Last night, Senate hopefuls First Lady Hillary Rodham Clinton and Congressman Rick Lazio R-N.Y. squared off in the first debate of their New York Senate race. On campus here at Cornell University, the importance of the race is clear for students.
Lazio and Clinton supporters alike organized viewings of the debate which was broadcast live by local NBC television yesterday evening at 7 p.m. Mike Moschella ’02, President of the Cornell Democrats, said after the debate that “there is certainly a lot of interest in the campaigns,” adding that both sides of the race are “well mobilized” at Cornell.
Issues raised at the debate included the economic future of upstate and western New York, including that of Ithaca and the Cornell community. Erik Weinick ’98, J.D. ’01, Statewide Co-Chair of Students 4 Lazio, drew a contrast between Clinton’s and Lazio’s approach to economic development.
He cited Lazio’s efforts to extend the role of technology. He also criticized Clinton’s tendency to “throw money” at real problems, such as economic stagnation in upstate New York. By contrast, Weinick lauded Lazio’s efforts to help local communities address issues.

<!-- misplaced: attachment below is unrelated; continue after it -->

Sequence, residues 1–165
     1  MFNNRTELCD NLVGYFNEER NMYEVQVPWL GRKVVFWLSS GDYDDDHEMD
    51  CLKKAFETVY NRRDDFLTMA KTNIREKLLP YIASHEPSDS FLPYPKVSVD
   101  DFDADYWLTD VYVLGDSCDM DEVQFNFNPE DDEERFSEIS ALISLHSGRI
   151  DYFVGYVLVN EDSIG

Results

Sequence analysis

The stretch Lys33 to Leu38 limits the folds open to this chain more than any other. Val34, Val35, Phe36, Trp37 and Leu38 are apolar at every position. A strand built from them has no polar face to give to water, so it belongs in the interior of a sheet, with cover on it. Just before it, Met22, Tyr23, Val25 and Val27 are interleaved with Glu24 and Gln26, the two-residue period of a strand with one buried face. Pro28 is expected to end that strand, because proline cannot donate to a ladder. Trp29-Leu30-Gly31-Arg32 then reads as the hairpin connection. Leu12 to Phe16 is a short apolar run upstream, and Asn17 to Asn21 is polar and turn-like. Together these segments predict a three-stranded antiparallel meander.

Lazio made the issue of soft money influencing campaigns a feature of the debate. Walking across the studio stage with a signed pact in hand, he challenged Clinton to live up to the rhetoric of campaign finance reform.
Moschella argued, however, that the issue of soft money is more complex than Lazio made it seem. “When you dig a little deeper,” he said, “you find that Clinton is more proactive” on campaign reform than Lazio and his Republican colleagues. Weinick argued that Lazio “showed a lot of courage tonight,” pledging to act with the interest of the people, and not outside interest groups, in mind.
Both Moschella and Weinick downplayed the relevance of the fact that the First Lady is not a native New Yorker. Moschella holds that when voters go to the polls on election day, their true interests in the well-being of New York State will make her place of birth unimportant. Indeed, Clinton emphasized during the debate that “its more important what I’m for than where I’m from.” Weinick similarly felt that Lazio’s merit will play a larger role in the election than his opponent’s birthplace.
Finally, Moschella remained excited by the possibilities of such a figure as Clinton in a New York Senate seat. Her political connections will give her an incredible “ability to accomplish,” he says.
In the wake of the debate, it remains to be seen what effect the candidates have had on public opinion. Two polls released September 12 by the Marist Institute for Public Opinion and Quinnipiac University indicate that Clinton held a 49 to 44 percent edge over Lazio among likely voters on the eve of the debate. In such a tight race, said Moschella, a debate like this “has potential to be a watershed for either campaign.”
Archived article by Maison Rippeteau